After identifying possible causes for hurtful behaviour, we need to get as close as possible to compassion. I forgo using the word ‘forgiving’ because forgiving is too often creating fertile soil for more abuse. What I seek here is Buddhist or Christian compassion and kindness which is an inner state that should not (I cannot stress this enough) prohibit assertiveness and sensible self-defense. Many caretakers feel drained, overstretched, and exhausted. They feel like taking care of their elders is a Sisyphean task. Only saints have an inner strength that helps them with their life long service. I am not saintly and maybe neither are you. I need gratitude, encouragement, support not to grow exhausted.
Returning to kindness and compassion. Consider the physical and mental condition of elderly parents; many have old age behavioral changes and inhibitions (neurological changes in the brain), lack of empathic feelings, diminished motherly or fatherly feelings, survival stress (to get through the day), are flushing (or drinking) down bags of medications one-two-three times daily (think about taking these medications yourself; how would that make you feel?), and many -especially the less religious elders- have no perspective other than growing older, becoming more fragile or ill. Where there used to be a heaven and a reunion with those who passed River Styx earlier, now there is just the end of a life. Surely, we can feel the frosty, biting cold of those last wintry years.
“Now you have pulled a knife from your back, it is time for some healing thoughts. We will find these by close-reading the story of Pelops”.
Let us now turn to fine art and literary inspiration for healing and nourishing our minds and souls. After that, I will conclude with practical and philosophical reflections. Greek mythology has it all; it never fails to morally support us with profound psychological insights and supportive philosophical thoughts. Parental disloyalty towards a child is narrated in the haunting story of Tantalus and Pelops.
Tantalus was a son of Zeus and Plouto and as such he was welcomed for dinner at Zeus’ table at Olympus, the abode of the gods ad the site of the throne of Zeus.
There, he is said to have abused Zeus’ hospitality. Even more punishable, Tantalus offers his son, Pelops, as a sacrifice (gore warning; but happy ending). Tantalus cuts up Pelops, boils him, and serves him up as a banquet for the Olympian gods in order to test their omniscience. The gods immediately become aware of the gruesome nature of the menu. Goddess Clotho is quickly ordered by Zeus to bring the poor boy to life again. She collects the parts and together with Hephaestus and Demeter revives Pelops. Pelops grows to be an extraordinarily handsome man.
Tantalus is punished by standing in a pool of water with overhanging fruits; he cannot eat the fruits nor drink the water. Tantalus will forever feel deprived to fulfill his hunger and thirst. This has become to know a Tantalean Punishment, referring to good things in life that are there to grab but forever elude our grasp. In English the word tantalize refers to an object of desire that is out of reach.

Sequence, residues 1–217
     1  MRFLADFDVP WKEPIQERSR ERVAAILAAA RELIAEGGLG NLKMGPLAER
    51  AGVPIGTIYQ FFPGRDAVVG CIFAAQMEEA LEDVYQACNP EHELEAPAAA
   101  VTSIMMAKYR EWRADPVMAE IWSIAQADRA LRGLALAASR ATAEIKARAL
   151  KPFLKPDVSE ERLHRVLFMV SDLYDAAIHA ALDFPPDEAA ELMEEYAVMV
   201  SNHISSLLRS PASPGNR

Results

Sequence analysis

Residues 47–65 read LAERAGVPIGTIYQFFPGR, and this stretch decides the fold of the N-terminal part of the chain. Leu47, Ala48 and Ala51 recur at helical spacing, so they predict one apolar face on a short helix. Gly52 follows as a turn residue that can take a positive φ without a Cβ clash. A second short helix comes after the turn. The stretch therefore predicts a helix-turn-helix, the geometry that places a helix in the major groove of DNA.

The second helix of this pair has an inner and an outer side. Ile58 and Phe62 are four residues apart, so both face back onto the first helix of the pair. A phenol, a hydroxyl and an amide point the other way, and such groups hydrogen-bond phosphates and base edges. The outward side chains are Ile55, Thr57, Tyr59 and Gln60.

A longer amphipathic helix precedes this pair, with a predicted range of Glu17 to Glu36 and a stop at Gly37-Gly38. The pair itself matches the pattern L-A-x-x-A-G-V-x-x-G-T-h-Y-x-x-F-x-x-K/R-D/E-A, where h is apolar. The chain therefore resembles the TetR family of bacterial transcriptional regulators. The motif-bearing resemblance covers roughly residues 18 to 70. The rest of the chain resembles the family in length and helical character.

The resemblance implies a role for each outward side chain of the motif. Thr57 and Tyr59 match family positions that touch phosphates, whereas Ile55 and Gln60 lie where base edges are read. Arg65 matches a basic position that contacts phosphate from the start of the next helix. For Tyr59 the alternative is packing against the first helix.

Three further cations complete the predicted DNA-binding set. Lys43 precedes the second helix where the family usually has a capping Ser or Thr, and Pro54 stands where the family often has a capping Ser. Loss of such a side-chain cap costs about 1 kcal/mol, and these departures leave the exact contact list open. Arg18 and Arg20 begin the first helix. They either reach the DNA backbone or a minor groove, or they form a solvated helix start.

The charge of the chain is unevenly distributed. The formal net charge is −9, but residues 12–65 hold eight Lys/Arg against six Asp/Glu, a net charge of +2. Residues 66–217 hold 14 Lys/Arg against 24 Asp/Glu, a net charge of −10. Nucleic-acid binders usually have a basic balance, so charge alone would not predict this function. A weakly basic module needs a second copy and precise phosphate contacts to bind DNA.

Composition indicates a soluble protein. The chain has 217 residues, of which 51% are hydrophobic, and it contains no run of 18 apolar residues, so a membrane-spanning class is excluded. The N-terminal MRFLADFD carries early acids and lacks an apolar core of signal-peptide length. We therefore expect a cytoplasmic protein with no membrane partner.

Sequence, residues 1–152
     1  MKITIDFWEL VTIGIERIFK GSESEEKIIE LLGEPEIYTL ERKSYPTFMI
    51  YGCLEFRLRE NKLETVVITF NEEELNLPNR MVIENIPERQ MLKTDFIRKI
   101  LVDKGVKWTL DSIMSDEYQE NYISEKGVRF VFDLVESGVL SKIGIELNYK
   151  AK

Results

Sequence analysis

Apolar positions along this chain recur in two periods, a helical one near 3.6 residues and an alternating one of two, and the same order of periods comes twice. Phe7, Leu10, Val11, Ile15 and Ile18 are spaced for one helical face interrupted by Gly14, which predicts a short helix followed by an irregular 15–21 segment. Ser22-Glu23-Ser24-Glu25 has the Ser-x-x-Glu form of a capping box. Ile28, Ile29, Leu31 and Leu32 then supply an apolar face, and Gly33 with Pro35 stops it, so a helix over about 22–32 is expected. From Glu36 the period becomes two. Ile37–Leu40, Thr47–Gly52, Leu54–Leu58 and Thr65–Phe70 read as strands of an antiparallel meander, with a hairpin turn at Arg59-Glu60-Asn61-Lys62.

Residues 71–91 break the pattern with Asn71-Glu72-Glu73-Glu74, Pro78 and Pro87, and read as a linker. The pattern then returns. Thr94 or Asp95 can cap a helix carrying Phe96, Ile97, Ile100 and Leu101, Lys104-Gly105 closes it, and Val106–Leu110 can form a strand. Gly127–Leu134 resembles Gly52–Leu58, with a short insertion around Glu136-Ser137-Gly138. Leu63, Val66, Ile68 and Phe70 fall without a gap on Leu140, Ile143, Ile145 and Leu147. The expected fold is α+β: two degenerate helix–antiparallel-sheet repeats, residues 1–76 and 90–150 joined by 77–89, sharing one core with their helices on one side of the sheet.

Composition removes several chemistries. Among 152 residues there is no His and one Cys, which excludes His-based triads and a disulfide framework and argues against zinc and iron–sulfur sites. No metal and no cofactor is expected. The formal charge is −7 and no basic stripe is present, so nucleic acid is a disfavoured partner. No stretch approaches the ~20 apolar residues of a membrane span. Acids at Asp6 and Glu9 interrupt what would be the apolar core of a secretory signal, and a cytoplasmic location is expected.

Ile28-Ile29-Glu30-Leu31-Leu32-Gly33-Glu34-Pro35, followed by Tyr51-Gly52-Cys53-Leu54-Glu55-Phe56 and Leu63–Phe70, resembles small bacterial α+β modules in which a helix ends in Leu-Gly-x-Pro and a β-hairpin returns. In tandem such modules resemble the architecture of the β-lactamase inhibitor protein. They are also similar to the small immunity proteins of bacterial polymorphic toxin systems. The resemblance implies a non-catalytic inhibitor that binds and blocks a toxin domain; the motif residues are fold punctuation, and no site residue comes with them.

Practical & Philosophical Reflections
It is deeply tragic that sometimes a parent cuts up a child, be it metaphorical. Yet, the classical story of Pelops has a surprising happy ending. The child is revived by the loving and crafty care of a few Olympian gods and goddesses. The story could have had a bad ending with Pelops not being able to ‘put together again’. Like Humpty Dumpty who -despite ‘the work of all king’s horses and all king’s men- could not be put (back) together again’.
Humpty Dumpty sat on the wall
Humpty Dumpty had a great fall
All the king’s horses and all the king’s men
Couldn’t put Humpty together again
Unlike Humpty Dumpty, the story of Tantalus describes in detail how Pelops is revived. Black-smith Hephaestus and motherly, caring Demeter go through great lengths to resurrect him and even forge a new shoulder made of ivory. The assembling process takes time, creativity, and resources which can be interpreted as ‘don’t expect this healing phase to be rushed’. This contrasts with the fate of Humpty Dumpty, standing symbol for a person or thing that is toppled over, broken, and irreparable. It stands to reason that by stressing that Pelops is brought back to life and becomes an remarkable handsome man, the hurt inflicted on a child by a parent can be turned around with the help of caring others.
We have moved away from believing in Greek gods a long time ago. However, that should not inhibit us from replacing the omnipotent gods with loving and supportive friends. They will offer a shoulder to cry on and over time that helps to rebuild self-esteem. You have done nothing wrong. There are thousands, if not millions of Pelopses, well-meaning sons and daughters who have been scolded, undermined, or punished, even disinherited. It has hurt them and has damaged their ideas about their parent’s character.
Since I came to learn that at one time in your life you can become Pelops, I was told that siblings and caretakers should be wary and cautious of taking sides of their geriatric parent when they fall out with somebody. Don’t enable them; geriatric elders have certain age-related behavioral patterns. Like crabbiness, lack of empathy, anger and depression, and a feeling of having been robbed. They are aware of their diminishing auditory, visual, kinetic, and cognitive abilities and this translates into the feeling of insecurity, misgivings, or even mistrust. Not being able to find something, like having lost their wallet or fountain pen, these surely have been stolen! No, they haven’t been stolen. Double check robbing stories, gossip, and avoid believing slander. Only those families whose children and caretakers take a united stand are able to navigate through the choppy waters of caring for an elderly parent.
Now that you know that you are not alone, Pelops does not need to be your middle name. Keep a healthy distance from your elderly parent if abuse happens or continues. I know about a geriatric nurse who advises family members not to visit their demented parents too often of even not at all because ‘They do not notice and it will hurt you’. These are sobering and somber thoughts, but one must be realistic.
I hope this blog-essay will help easing emotional hurt. Feel invited to add your advice or insights.
Paula Kuitenbrouwer, Drs. M.A. is owner of mindfuldrawimg.com. She works as a commission artist in the Netherlands. Her art shop is at Etsy and her portfolio at Instagram.
Paula majored in Philosophy at UU and UvA and won a few essay contests during her study. Paula worked as an editor and teacher in the Netherlands and abroad. For a decade she home educated her daughter in various countries. Currently, she lives in the Netherlands with her husband whilst her daughter studies abroad.